Franz Camenzind, a well-known conservationist, also has reservations. “Providing extensive coverage to the general public, I don’t think it’s their responsibility. I think it’s contrary to the value that natural areas and national parks can provide to the public.”
The new coverage will not be comprehensive, says Rusty Mizelle, but he had advice for those bothered by the coverage: “Turn your cell phone off.”
Cell phone service has already fundamentally altered rescue operations during the last decade, says Cody Lockhart, of the Teton County Search and Rescue. First responders now initially use cell phone forensics to determine locations.
“A decade ago, most of our incidents started out as a search, and then became a rescue,” he said. This shift has “definitely saved lives.”
Dumpster-diving bear with taste for honey pays price
STEAMBOAT SPRINGS — The blond-haired black bear first attracted attention in Steamboat Springs for its dumpster-diving. But when it started hanging around a daycare center, state wildlife officials knew that the bear had to go.
But to where? In this case, the bear was captured and then released to a ranch about 50 miles from Steamboat, in the pinyon-and-juniper country near Meeker, in northwest Colorado. But the bear got into trouble there, going after honey in a bee farmer’s hive. That earned the 2-year-old a death sentence.
Kris Middledorf, a wildlife manager for Colorado, told the Steamboat Pilot & Today that when bears cause agricultural damage, they must be killed, because the state must compensate the farmers and ranchers for their losses. It quickly becomes expensive.
The Department of Parks and Wildlife has sometimes provided electric fencing, to keep the bears out of the apiaries. But there are just too many new apiaries in that area that popped up during the last 10 years, he said.
Last year, 18 bears were relocated in northwestern Colorado, of which eight were subsequently killed because they got into trouble a second time.
Biology professor writing a chapter for IPCC report
DURANGO — An associate professor of biology at Fort Lewis College in Durango is working on a chapter for an upcoming special report from the Intergovernmental Panel on Climate Change.
Heidi Steltzer is responsible for the ecosystem section on high-mountain areas for the report, which is to be titled “The Ocean and Cryosphere in a Changing Climate.” The cryosphere is the frozen part of the Earth. Think high mountains, Antarctica and, at least for much of the year, the Arctic Ocean.
The Durango Telegraph explains that Steltzer first aspired to be a marine biologist, but got sea sick, then wanted to be a tropical biologist. Alas, the heat bothered her too much.
Instead, she landed a spot in the early 1990s at the Rocky Mountain Biological Laboratory, near Crested Butte. One thing led to another — including a Ph.D. from the University of Colorado — and to her teaching post on the edge of the San Juan Mountains.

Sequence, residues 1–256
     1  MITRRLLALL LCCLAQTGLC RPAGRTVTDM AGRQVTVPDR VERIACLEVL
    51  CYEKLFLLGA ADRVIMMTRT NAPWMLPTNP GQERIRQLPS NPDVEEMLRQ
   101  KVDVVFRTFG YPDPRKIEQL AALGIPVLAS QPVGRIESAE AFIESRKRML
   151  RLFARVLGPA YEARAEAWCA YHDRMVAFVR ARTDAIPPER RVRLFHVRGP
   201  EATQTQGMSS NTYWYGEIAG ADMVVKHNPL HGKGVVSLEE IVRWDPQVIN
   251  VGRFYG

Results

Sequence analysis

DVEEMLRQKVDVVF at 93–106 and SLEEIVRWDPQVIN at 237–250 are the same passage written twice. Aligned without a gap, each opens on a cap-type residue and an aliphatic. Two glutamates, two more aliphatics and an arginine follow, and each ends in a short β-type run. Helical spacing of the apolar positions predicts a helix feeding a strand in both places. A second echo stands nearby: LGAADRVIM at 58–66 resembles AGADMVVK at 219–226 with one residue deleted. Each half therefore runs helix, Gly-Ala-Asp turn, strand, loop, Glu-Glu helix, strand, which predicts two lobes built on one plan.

While she may know a lot already, her job with the IPCC is to sift through what others know and distill it into a chapter.
“These places that are far away, cold or vast, we don’t understand them well yet, and this is an effort to put that story together,” she said. “A focus of the report is on how less snow, retreating glaciers and thawing permafrost affect the water supply, hazards, ecosystems, and communities in mountain regions and adjacent lowlands.”
As berries ripen earlier, the impact to Banff’s grizzly bears
BANFF, Alberta — By 2080, warming temperatures may cause buffaloberries to ripen three weeks earlier than they do now in Alberta’s Bow Valley. At higher elevations of Banff National Park, the earlier ripening could come 40 days earlier, according to a study by a University of Calgary researcher.
That change could make life more difficult for grizzly bears, researcher David Laskin told the Rocky Mountain Outlook.
“The buffaloberry crop … is a critical buffet for the bears late in the season, and it’s an opportunity for them to gain a lot of weight before hibernation,” he said.
A male grizzly can eat up to 220,000 berries in a single day.
“Their ability to reproduce relies on how much weight they can put on in summer. There’s going to be a bigger gap between when bears eat berries and when they hibernate, and that may compromise their ability to gain weight.”
That could have implications, he adds for human-bear conflicts.
In Whistler, there’s concern about human-bear conflicts now. In September, the province temporarily closed an alpine trail network after two separate groups of hikers had a close call with a grizzly. Municipal officials tell Pique Newsmagazine that they will ramp up their public messaging about grizzly bears. In the past, the messages had been mostly about black bears.
Manager accused of stealing $1 million in skis and so forth
ASPEN — A member of the Aspen City Council from 2009 to 2013 has been accused of stealing more than $1 million worth of skis, snowboards, and other goods while working for the Aspen Skiing Co.
The Aspen Times reports that Derek Johnson, 51, had been fired by the ski company in December. He had co-founded a snowboard shop, which was sold to Aspen Skiing in 2001. He was kept on as managing director of the company’s retail-rental division.
Court documents indicated that the security manager for the ski company told Aspen police about a tip. The tipster had said Johnson was stealing demo skis and selling them through an eBay account called “sportandski.”
Spreadsheets found on Johnson’s computer at his home showed that between 2010 and 2018, he and his wife, Kerri Johnson, 48, listed $2.1 million in total sales from the eBay account, reported The Times, citing the court documents. With other mechanisms, the Johnson stole $2.4 million, according to the arrest warrant.
The Times notes that Johnson was a community pillar. He had also served as a director of two local resort chamber associations and coached kids’ hockey and football teams. At one point, he ran for mayor.